I would hesitate to chit-chat with my boss about my "stupid new idea which could potentially save us millions" without doing a thorough study on its feasibility, etc., but if he and I have done stupid fun things together like dancing around a tree wearing straw hats and clown masks3, I may not be so hesitant, and I would even demand that he use his better business acumen to evaluate my idea! In the long run, the company gains. Did I say anything about team building events being serious business?

I can do all the socializing needed for the job. I don't want to be there, nobody wants me there, expect for HR because of the rules.

I too hate doing such stupid things at work, so I can certainly empathise with you. I am sure plenty of your coworkers feel the same way, and even the HR knows this! You can't expect 100% participants to be 100% excited about any event. Nonetheless, you should attend the event and demonstrate at least the bare minimum participation and excitement.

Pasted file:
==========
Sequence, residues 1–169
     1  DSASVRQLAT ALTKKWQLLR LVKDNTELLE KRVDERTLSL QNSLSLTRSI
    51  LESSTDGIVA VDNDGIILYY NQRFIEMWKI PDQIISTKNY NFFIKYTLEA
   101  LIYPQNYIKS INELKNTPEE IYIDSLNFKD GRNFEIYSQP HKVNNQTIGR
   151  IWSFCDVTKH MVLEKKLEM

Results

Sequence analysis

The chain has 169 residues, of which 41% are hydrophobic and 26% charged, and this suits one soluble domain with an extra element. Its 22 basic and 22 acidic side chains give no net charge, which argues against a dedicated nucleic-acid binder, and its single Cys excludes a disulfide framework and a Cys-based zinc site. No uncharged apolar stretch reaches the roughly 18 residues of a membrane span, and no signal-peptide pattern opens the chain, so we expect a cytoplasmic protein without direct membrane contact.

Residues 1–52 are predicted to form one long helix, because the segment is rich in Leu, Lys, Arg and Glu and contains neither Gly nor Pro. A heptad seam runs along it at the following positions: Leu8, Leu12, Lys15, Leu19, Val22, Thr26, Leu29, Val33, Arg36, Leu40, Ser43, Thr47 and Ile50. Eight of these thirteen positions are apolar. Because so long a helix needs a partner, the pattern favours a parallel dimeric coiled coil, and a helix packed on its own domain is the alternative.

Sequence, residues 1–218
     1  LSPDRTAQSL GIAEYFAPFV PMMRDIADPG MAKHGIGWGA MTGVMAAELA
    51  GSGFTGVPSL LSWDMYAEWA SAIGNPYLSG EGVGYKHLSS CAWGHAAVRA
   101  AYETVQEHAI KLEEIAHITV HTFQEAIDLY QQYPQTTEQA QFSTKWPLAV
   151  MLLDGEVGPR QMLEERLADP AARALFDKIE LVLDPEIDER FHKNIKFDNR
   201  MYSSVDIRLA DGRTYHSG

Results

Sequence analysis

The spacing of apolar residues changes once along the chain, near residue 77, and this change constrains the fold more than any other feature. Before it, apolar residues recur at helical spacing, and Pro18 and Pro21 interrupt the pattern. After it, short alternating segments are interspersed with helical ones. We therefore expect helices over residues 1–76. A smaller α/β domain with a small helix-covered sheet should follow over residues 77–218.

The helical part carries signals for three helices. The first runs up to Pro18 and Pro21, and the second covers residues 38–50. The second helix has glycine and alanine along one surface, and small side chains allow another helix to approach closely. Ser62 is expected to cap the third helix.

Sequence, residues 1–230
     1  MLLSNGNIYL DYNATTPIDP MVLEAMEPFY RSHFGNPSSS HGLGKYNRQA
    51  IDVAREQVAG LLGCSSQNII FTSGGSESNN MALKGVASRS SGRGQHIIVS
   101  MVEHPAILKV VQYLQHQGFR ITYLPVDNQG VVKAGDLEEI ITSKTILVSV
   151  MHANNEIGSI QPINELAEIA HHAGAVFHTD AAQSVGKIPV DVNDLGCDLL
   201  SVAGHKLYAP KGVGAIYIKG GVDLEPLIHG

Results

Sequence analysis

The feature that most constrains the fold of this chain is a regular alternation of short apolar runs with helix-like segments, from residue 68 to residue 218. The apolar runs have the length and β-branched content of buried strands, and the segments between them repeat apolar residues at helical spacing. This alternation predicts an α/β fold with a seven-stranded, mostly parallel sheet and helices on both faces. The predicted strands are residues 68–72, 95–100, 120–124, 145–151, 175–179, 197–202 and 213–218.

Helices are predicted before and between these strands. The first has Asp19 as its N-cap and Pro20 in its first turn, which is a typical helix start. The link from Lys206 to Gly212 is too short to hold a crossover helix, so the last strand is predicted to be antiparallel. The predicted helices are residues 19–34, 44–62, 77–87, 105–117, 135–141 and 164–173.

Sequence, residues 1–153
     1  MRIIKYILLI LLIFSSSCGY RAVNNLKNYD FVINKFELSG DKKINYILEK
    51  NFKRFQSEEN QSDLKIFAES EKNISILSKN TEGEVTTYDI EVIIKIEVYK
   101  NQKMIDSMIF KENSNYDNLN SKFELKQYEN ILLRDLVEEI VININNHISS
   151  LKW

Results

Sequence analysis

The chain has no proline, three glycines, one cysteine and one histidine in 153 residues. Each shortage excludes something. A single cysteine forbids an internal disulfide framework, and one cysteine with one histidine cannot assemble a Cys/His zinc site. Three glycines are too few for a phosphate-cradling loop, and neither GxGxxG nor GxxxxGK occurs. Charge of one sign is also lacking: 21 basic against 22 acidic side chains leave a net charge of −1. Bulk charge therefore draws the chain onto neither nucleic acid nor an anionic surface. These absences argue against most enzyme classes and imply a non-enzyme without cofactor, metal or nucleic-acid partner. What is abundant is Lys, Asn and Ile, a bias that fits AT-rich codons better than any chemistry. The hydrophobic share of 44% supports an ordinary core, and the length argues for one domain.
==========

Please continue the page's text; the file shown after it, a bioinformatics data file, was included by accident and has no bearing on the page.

Refusing to attend the event, or even worse, attending the event and not participating at all, will only make you stick out like a sore thumb, which won't do you any good. How I usually deal with such day-long annoyances events is to participate intermittently, that is, participate in one or two activities, then excuse myself for an hour or so, attend another one or two activities, and repeat. That is usually enough for people to notice that I participated, which works well enough for me.